Opposing viewpoints: The death of the authentic relationship via technology

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Fatima Elfakahany, Reporter, Photographer

One cannot escape the notion of love. The concept exists in every part of our society: in music, in movies, in books and, perhaps most importantly, in people. In the age of technology, however, love does not exist as it did twenty years ago.

Technology allows the current generation to “hook up” quickly and easily, preventing the growth of authentic relationships. People can contact each other for a casual, simple encounter that contains the message of “no strings attached.” With the introduction of new online dating sites and dating apps (such as Tindr and Grindr), the arrangement of such casual encounters proves easier than ever before.

According to a study conducted by the Pew Research Center’s Internet and American Life Project, 38 percent of people who are single and looking for a date reported using an online dating site or app. Have their endeavors been successful? Generally, no, yet people remain convinced that such undertakings are helpful.

The claim, however, is that technology has actually allowed couples to remain close even across long distances. But we have all heard that long-distances relationships do not work, and according to The Center for the Study of Long-Distance Relationships (yes, that exists), 40 percent of all long-distance relationship ends in a break up. What many people seem to forget when arguing that the hook-up culture does not exist lies in that many relationships contain a physical aspect that long-distance relationships cannot fulfill.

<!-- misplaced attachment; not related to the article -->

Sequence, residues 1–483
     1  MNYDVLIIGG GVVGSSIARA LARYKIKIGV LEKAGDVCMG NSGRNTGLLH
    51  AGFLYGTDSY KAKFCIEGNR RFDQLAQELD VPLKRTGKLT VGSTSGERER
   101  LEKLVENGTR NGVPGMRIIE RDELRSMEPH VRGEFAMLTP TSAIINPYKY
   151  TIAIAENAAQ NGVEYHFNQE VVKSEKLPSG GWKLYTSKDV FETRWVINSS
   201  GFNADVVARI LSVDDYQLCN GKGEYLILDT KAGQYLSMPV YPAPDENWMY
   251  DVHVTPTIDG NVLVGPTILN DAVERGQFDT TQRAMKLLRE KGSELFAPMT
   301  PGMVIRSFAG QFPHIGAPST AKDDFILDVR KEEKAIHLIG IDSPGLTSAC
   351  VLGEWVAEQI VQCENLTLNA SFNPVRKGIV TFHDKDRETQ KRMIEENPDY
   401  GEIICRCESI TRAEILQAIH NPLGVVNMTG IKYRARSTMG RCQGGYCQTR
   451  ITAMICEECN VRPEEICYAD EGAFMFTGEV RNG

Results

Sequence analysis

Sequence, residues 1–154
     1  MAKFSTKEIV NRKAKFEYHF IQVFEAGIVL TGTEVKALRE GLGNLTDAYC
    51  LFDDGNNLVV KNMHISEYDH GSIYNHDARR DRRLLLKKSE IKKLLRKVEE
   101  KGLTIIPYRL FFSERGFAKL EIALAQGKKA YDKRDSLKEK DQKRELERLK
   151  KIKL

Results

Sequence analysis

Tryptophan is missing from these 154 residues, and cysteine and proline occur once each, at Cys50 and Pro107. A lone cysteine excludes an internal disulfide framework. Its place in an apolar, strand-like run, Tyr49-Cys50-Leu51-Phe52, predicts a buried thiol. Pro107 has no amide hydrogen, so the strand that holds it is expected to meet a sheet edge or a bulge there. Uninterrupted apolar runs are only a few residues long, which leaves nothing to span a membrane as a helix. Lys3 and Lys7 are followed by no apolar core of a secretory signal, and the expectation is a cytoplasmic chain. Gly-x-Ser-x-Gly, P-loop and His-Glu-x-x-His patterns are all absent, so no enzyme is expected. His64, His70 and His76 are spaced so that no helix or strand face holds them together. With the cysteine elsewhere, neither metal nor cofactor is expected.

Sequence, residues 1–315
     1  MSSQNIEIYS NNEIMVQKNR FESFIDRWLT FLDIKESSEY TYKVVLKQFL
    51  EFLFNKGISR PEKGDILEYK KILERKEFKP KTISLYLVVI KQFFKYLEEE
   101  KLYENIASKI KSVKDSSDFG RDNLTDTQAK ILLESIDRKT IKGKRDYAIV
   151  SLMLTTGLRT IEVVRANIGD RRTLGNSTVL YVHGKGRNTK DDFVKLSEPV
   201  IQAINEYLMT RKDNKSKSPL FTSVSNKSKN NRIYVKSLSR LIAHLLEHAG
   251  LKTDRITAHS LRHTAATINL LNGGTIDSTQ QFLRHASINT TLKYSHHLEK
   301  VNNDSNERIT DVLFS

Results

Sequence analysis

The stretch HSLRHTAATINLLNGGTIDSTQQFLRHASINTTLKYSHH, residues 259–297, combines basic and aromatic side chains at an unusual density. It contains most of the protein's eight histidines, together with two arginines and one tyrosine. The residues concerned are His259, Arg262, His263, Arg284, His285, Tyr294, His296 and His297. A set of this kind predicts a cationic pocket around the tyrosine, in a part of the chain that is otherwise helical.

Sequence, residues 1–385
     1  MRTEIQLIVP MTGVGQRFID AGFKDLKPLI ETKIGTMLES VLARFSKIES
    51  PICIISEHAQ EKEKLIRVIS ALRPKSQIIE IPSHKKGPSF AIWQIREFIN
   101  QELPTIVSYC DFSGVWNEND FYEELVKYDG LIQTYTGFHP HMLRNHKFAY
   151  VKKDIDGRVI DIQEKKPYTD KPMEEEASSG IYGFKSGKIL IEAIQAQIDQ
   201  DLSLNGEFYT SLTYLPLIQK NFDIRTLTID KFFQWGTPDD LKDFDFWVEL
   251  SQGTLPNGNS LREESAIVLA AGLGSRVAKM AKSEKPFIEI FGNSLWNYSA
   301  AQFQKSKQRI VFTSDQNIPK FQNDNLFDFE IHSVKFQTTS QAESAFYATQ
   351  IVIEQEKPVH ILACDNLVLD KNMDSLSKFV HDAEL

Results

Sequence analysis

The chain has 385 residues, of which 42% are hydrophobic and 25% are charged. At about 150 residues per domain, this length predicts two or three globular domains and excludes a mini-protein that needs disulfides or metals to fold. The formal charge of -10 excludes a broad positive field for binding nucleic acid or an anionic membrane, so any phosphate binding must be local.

Yes, FaceTime and video-chat can help a long-term relationship last, but it appears as if it delays the inevitable rather than actually propels the relationship forward. Yes, dating sites and apps can help desperate singles to find partners, but oftentimes those partners are a one-time-only fling. Yes, such types of relationships existed for quite some time, but technology not only makes having them easier, it makes having them seem okay. If everyone does it, why can’t I?

Technology connects people, but only superficially. Nothing can replace the act of seeing someone every day in person. Technology, in truth, may cause more of a disconnect, because people are staring at their cell phone or computer screens rather than into other people’s faces. Intimacy appears to be missing from many of today’s current relationships. This emotion requires people to expose themselves down to their most vulnerable position, allowing someone else to see us for who they really are, not just who they present to the world.

I think that a lot of people dislike the concept of “baring their souls,” in a sense. While such dislike has always existed, technology allows people to hide themselves even more effectively today than the past: it is much easier to lie to someone, to hide from someone, through a screen than face to face. Since these people keep their cards close instead of revealing them, most long-term, and long-distance, relationships fail, prompting more people to resort to the “quick and easy” hook-up relationships always available on the Internet.

Now, does this mean that the entirety of today’s generation does not know the meaning of love? No, it does not, but the number increases year after year. If recognition of the problem does not come soon, then I can only foresee true, authentic love being lost in the dark sea of technology.

Does technology cause a "hook up culture"?

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To read Adam Kovel’s opposing viewpoint, click here.